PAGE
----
sat((P + Q + ~R) * (P + ~Q) * ~P * R * U).

% Example 1 - Showing how to test a satisfication that fails using labeling/1 with assertion/1 for failure.
test(102) :-
findall([P,Q,R,U],(sat((P + Q + ~R) * (P + ~Q) * ~P * R * U),labeling([P,Q,R,U])),Solutions),
assertion( Solutions == [] ).

% Example 2
test(103) :-
findall([P,Q,R],(sat((P + Q) * ~Q * (~P + Q + ~R)),labeling([P,Q,R])),Solutions),
assertion( Solutions == [[1,0,0]] ).

% Example 3
test(104) :-
findall([P,Q,R],(sat((P + Q) * (P + ~Q) * (~P + Q) * (~P + ~R)),labeling([P,Q,R])),Solutions),
assertion( Solutions == [[1,1,0]] ).

% Example 4
test(105) :-
findall([P,Q,R],(sat((P + ~Q) * (~P + R) * Q),labeling([P,Q,R])),Solutions),
assertion( Solutions == [[1,1,1]] ).

% Exercise 1
test(106) :-
findall([P,Q,R],(sat((P + Q) * (~P + Q) * (~R + ~Q) * (R + ~Q)),labeling([P,Q,R])),Solutions),
assertion( Solutions == [] ).

% Exercise 2
test(107) :-
findall([P,Q,R],(sat((P + Q + R) * (~P + ~Q + ~R) * (~P + Q + R) * (~Q + R) * (Q + ~R)),labeling([P,Q,R])),Solutions),
assertion( Solutions == [[0,1,1]] ).

% Exercise 3
test(108) :-
findall([P,Q,R],(sat((~Q + P) * (~P  + ~Q) * (Q + R) * (~Q + ~R) * (~P + ~R) * (P + ~R)),labeling([P,Q,R])),Solutions),
assertion( Solutions == [] ).

:- end_tests(clpb).
``````
1 Like

I didn’t know about it yet, thanks for the advise. Part of the exercise is also to find true/false values for Variables to make the given CNF true.
My implementation Currently only handles literals like a,b,c so far. Later it should be possible to let it solve CNFs like [[X,Y], [true,X],[Z]].
I’m trying to implement it with literals and without the unification of true/false first and then customize it after. But so far I’m already failing at this stage.

I take it you know Python (because of def) and are translating that to Prolog. Is there a requirement that you use that variation of DPLL? I found this variation in Prolog but haven’t checked it. Could that be used instead?

Also I find that test case are helpful. Are you aware Prolog has unit test?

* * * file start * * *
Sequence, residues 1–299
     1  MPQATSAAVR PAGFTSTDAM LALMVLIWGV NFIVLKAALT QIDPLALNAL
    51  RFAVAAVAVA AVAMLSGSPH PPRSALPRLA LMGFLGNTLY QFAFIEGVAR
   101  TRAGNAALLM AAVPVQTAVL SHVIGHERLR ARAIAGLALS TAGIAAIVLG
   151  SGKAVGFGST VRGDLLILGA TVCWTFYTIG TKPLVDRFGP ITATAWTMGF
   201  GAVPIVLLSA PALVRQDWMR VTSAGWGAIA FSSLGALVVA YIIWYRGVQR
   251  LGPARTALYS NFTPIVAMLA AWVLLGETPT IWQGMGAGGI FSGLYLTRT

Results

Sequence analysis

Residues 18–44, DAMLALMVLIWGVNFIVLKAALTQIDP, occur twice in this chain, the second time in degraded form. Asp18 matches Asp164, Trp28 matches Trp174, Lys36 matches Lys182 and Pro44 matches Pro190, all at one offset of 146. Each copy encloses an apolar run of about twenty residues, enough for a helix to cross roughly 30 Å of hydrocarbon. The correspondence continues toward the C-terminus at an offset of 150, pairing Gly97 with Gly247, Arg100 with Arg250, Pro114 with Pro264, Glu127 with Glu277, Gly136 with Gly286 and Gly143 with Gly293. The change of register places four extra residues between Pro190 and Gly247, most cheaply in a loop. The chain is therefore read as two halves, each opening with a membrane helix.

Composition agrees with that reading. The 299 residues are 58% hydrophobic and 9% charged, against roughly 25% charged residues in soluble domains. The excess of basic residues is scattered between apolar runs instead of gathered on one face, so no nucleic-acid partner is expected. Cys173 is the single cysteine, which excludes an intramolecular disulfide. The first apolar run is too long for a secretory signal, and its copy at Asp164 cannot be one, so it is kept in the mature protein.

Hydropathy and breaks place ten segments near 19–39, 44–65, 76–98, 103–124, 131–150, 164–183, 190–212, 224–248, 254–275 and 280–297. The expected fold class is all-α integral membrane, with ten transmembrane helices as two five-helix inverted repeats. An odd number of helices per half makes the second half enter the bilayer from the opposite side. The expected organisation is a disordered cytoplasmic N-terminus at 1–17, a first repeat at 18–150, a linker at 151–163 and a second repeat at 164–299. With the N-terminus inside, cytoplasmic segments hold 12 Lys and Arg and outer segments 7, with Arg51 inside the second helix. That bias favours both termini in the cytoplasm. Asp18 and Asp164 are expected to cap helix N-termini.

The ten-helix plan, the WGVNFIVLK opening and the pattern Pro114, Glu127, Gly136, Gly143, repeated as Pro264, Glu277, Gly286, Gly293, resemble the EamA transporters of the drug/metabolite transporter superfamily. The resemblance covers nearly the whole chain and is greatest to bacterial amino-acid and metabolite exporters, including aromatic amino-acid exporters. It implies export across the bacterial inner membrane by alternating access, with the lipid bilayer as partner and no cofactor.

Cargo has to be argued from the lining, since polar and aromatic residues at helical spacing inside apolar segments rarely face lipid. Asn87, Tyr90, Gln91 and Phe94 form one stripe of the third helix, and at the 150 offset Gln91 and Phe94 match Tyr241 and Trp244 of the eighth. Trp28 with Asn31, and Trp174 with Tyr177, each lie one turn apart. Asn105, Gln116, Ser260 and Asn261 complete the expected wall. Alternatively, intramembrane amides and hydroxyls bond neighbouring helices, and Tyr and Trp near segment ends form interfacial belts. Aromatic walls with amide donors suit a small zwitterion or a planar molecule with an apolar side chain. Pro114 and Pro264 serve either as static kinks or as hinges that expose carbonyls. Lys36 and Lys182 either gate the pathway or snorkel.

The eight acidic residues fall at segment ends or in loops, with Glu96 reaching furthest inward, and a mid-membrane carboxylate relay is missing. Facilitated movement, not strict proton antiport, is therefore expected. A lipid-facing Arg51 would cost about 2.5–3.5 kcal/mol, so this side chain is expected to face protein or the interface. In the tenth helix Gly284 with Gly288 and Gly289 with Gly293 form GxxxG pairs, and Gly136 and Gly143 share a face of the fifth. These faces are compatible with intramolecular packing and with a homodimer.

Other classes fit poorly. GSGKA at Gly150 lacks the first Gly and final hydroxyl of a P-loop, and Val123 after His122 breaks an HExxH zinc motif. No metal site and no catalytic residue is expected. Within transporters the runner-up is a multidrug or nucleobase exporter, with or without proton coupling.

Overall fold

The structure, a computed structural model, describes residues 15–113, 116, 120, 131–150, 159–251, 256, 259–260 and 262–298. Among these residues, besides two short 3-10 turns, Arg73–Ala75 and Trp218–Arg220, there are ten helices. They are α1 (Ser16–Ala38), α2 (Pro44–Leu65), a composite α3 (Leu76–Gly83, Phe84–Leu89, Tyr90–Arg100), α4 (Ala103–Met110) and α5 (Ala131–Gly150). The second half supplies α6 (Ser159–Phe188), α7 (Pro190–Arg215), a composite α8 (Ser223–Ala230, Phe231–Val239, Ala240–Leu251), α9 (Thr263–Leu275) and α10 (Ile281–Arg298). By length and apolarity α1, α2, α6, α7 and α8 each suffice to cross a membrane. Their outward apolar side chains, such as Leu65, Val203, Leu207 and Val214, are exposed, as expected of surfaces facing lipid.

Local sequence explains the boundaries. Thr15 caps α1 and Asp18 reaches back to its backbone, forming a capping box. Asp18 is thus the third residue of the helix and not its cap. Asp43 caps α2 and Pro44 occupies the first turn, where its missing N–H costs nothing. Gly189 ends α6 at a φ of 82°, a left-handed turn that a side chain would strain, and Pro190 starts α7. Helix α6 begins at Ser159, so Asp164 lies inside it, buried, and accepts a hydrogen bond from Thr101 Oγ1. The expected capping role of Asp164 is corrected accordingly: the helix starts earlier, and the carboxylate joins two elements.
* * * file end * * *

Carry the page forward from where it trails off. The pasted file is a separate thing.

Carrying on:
Also can you show all of the code. Some of your predicates are missing, e.g. `has_empty_clause/1`, `choose_literal/2`

Its not required to use this specific algorithm on the picture, but its from a tutorial video where everything was complained step by step which helped me to understand the algorithm.
The one of my course script is much harder to understand, but seems to be the same in general. Thats why I decided to implement it instead. I write some unit tests for my code and I also have some unit tests as part of the exercise.

This is one of my tests (currently its testing primary the functions used in my dpll functions):

``````test(tsc_set_literal5,[nondet]) :-
set_literal(b, [[b], [not(b)]], R), !, R ==  [[]].
``````

And this is one of the tests from the exercise:

``````test(sat2, [nondet,true(X == true)]) :-
to_cnf(or(lit(X),and(lit(true),lit(false))), CNF),
solve(CNF).``````

Can you provide a link to the video. Then we can try an fix your code so you understand it.

Also I really do need all of your current code to see where the problem is. Without it there is no sense in me trying to find the bug in your code or show you how to fix it.

Unfortunately the tutorial video is in German:

The complete code:

``````:- module(sat_solver,[]).

negate(not(X),X) :- !.
negate(X,not(X)) :- !.

clause_with_only_one_literal([H|_],H) :-
length(H, 1),
!.
clause_with_only_one_literal([_|T],R) :-
clause_with_only_one_literal(T,R).

disjunktion_becomes_true(TrueLit, Clause) :-
% Check if element is in list
member(TrueLit, Clause).

simplify_dpll(FalseLit, Clause, Simplified) :-
% delete given element (FalseLit) from given list and return list without element
delete(Clause, FalseLit, Simplified).

set_literal(Lit, Clauses, NewClauses) :-
% Remove the clauses (disjunktions) where the lit is true, because they are true anyway (disjunktions)
% ?- exclude(sat_solver:disjunktion_becomes_true(a),[ [a,b], [b] ], R ).
% R = [[b]].
exclude(disjunktion_becomes_true(Lit), Clauses, Clauses2),
% Negate lit
negate(Lit, NegLit),
% Remove the false lit (negated lit) in all clauses, because they don't affect if the Clauses(disjunktions) are true
maplist(simplify_dpll(NegLit), Clauses2, NewClauses).

has_empty_clause(Clauses) :-
member([], Clauses), !.

choose_literal([[Lit|_]|_], Lit).

% DPLL(F)
% F are all Clauses (List of Clauses)
% if (F == {}) return true.
% dpll([]).
dpll([]).
% if ({Lit} ∈ F) (there is a clause existing with only one element inside for example {a} in {{a,b} ,{a}})
%   F' = {Clause ∈ F mit Lit,¬Lit ∉ K}∪{Clause\{¬Lit} ∈ F}     (set_literal)
%   return DPLL(F')
dpll(Clauses) :-
% Check condition if ({} ∈ F) return false. When there is an empty clause its always false
\+has_empty_clause(Clauses),
% Get clause with only one literal
clause_with_only_one_literal(Clauses, [Lit]),
% F' is Clauses_N here
set_literal(Lit, Clauses, Clauses_N),
% Call with new Clause
dpll(Clauses_N), !.

% else choose Lit ∈ atom(F) (any value from clause)
%   F' = F ∪ {{Lit}}